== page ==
At the Jan. 17 Democratic presidential debate in Charleston, S.C., Bernie Sanders glared at Hillary Clinton when she accused him of being disloyal to President Obama. (NBC/YouTube)

When Monmouth University surveyed Democrats nationally last month, the picture was a familiar one. Hillary Clinton led Bernie Sanders by 33 points, 59 percent to Sanders's 26. That was mid-December, before more recent national polls putting Sanders and Clinton a bit closer — like one just out from Monmouth.

This new survey has Clinton with a 15-point lead, a swing of 18 points toward Sanders. Support for Clinton has fallen to 52 percent nationally, while support for Sanders has increased to 37. Clinton down 7; Sanders up 11. That's a very big swing over the course of a month, one that could suggest that either December's poll or this one is an outlier – or that we're starting to see the sort of pre-election movement that is not uncommon in a primary season.

It's worth looking at how support among demographic groups shifted over that time period. We've broken out Monmouth's numbers below. Clinton's lead among liberals, moderates, men, women, younger people, older people and whites fell since last month — evaporating entirely among liberals, younger people and whites.


Only among black and Latino Democratic voters did Clinton's lead grow, from a healthy 43 points to a massive 50 points.

We've talked about this a lot recently. It's a critical split in the Democratic base, one which explains why Sanders and Clinton are running close in Iowa and New Hampshire — two very white states — and why Clinton is up by a wide margin in South Carolina (less white). If Clinton and Sanders are tied among white voters as the primaries progress, her support from non-white voters can make a difference in states where whites aren't an overwhelming majority.

Sanders has room to grow. Clinton is seen more favorably in the new Monmouth poll, but only because one-quarter of respondents still don't know enough about Sanders to have an opinion. Twenty-six percent of the people Monmouth talked to had no opinion of Sanders to 9 percent for Clinton — suggesting that a decent part of the population, including many non-white voters, don't know much about the Vermont senator at all.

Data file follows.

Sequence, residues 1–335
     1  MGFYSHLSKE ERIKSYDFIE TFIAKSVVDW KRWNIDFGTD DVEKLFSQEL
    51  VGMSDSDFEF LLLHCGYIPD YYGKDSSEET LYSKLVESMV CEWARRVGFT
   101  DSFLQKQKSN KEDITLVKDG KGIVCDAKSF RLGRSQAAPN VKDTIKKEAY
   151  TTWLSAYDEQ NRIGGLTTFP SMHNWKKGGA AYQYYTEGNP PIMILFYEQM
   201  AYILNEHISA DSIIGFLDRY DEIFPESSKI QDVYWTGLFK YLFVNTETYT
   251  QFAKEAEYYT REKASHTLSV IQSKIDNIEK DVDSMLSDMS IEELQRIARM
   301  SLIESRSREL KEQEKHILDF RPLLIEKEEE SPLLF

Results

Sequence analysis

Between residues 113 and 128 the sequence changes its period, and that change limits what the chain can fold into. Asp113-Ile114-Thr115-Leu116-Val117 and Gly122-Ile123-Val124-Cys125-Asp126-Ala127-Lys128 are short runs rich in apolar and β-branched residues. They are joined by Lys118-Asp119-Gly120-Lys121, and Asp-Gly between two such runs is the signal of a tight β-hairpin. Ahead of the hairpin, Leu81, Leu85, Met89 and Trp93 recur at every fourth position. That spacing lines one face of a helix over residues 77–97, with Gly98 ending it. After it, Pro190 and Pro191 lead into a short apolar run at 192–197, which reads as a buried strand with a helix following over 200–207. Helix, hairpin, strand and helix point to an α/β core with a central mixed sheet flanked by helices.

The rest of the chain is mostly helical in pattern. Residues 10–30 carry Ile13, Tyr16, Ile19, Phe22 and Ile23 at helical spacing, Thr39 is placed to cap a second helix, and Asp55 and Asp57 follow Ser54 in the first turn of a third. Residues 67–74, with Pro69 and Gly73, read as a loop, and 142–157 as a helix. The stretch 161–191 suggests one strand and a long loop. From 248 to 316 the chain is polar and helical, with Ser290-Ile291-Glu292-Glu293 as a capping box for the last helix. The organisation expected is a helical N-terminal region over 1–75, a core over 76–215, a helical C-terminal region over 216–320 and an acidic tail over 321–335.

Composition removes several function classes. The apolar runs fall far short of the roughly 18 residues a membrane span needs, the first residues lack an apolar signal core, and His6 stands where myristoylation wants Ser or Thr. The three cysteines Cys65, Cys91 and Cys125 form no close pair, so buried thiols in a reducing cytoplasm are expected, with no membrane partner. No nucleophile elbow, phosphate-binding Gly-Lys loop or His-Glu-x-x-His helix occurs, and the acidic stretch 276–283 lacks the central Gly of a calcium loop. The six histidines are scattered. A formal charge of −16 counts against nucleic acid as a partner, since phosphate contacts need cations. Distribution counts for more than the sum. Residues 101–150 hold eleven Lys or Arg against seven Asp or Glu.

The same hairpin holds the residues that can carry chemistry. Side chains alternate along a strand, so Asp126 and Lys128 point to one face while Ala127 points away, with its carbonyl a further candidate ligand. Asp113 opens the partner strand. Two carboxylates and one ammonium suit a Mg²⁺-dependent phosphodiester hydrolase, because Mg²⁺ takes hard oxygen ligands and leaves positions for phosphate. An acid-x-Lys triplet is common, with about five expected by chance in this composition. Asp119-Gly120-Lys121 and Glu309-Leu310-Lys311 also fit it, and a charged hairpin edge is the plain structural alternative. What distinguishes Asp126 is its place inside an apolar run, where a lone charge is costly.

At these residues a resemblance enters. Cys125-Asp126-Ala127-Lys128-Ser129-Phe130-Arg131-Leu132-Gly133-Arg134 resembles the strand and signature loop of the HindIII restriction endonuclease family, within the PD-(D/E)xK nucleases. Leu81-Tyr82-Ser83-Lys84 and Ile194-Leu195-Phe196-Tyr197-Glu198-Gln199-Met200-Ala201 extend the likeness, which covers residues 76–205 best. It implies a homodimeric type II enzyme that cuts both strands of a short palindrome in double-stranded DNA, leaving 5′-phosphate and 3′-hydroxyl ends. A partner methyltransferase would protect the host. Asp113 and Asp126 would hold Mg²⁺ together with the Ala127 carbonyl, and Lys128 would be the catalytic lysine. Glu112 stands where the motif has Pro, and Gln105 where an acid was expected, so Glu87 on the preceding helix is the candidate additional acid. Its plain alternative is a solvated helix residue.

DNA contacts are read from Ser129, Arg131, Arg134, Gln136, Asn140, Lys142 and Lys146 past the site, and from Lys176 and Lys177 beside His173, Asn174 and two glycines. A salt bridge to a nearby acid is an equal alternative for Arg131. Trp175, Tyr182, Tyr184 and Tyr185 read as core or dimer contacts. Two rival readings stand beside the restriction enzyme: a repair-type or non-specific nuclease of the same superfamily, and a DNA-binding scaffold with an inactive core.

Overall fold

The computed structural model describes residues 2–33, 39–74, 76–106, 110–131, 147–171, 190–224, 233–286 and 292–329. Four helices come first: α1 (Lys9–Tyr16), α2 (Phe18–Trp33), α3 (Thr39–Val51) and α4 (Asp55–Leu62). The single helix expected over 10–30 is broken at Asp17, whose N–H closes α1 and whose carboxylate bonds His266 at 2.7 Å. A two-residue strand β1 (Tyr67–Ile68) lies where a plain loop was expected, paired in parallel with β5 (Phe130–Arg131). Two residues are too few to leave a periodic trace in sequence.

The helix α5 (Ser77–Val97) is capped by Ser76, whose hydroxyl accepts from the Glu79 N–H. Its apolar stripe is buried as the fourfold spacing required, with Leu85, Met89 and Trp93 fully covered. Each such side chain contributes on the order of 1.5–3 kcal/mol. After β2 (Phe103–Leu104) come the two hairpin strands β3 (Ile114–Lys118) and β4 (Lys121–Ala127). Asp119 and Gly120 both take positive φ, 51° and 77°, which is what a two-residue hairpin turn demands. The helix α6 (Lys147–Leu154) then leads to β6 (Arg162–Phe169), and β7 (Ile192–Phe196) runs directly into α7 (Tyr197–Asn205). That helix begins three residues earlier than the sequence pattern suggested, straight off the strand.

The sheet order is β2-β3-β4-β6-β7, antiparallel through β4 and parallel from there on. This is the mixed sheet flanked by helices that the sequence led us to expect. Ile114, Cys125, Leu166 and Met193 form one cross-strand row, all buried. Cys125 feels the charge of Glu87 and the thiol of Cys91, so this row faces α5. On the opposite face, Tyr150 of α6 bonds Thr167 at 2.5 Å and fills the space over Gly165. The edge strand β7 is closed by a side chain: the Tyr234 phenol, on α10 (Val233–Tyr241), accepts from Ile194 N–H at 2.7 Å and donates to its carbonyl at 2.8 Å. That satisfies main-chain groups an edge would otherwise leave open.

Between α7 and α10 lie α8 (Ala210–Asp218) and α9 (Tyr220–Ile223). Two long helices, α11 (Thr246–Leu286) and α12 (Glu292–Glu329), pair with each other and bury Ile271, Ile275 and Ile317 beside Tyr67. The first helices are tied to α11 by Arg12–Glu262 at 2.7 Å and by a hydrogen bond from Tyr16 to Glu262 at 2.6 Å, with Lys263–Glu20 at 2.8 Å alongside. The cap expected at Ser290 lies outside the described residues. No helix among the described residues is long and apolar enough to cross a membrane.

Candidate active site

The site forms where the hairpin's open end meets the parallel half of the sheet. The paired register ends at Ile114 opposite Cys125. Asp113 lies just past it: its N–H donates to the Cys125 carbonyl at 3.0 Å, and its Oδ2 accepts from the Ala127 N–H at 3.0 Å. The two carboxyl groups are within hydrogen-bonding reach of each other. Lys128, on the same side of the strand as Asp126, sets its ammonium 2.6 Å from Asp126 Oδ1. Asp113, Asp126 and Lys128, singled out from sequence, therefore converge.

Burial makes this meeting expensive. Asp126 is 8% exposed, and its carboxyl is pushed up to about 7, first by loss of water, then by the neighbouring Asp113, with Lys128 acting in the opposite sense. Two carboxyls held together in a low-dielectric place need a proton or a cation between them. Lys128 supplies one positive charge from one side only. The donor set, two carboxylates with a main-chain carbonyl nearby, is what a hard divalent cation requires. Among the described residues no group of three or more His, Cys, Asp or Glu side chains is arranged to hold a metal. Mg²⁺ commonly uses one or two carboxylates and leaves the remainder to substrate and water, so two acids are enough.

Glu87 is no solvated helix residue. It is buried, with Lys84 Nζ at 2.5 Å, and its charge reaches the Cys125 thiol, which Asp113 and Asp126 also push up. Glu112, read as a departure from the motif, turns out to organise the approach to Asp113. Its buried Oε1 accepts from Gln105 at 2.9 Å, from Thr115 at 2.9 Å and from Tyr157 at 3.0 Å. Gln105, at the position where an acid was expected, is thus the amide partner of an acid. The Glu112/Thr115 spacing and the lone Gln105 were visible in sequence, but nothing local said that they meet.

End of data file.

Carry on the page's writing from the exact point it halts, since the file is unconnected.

That said, there's an important bit of good news for Clinton worth mentioning. While many Democrats think Clinton and Sanders would be equally likely to defeat top Republican contenders, far more people say that only about Clinton. As Democratic voters make up their minds, the ability to defeat Republicans in November will be a critical consideration, and here Clinton has an advantage.


The Iowa caucuses are in 12 days, and Clinton holds a narrow lead in the polling average. If national polling shifted this much over the last month, though, it's safe to assume that the races in Iowa and New Hampshire are subject to some similarly dramatic shifts as the hours tick by. Those states won't test the racial split in the party, though — and if nothing changes on that front, Sanders still faces a significant hurdle.

Bernie Sanders enjoys strong support among young voters, but they'll need to turn out at the polls if he wants to win the Democratic nomination. (Peter Stevenson/The Washington Post)